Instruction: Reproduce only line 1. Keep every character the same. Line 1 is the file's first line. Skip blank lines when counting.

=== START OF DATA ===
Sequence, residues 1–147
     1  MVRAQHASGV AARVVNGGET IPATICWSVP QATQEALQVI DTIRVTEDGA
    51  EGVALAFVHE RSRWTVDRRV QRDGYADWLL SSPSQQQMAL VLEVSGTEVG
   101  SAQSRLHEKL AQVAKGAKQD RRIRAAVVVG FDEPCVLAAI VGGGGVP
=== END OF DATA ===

Sequence, residues 1–147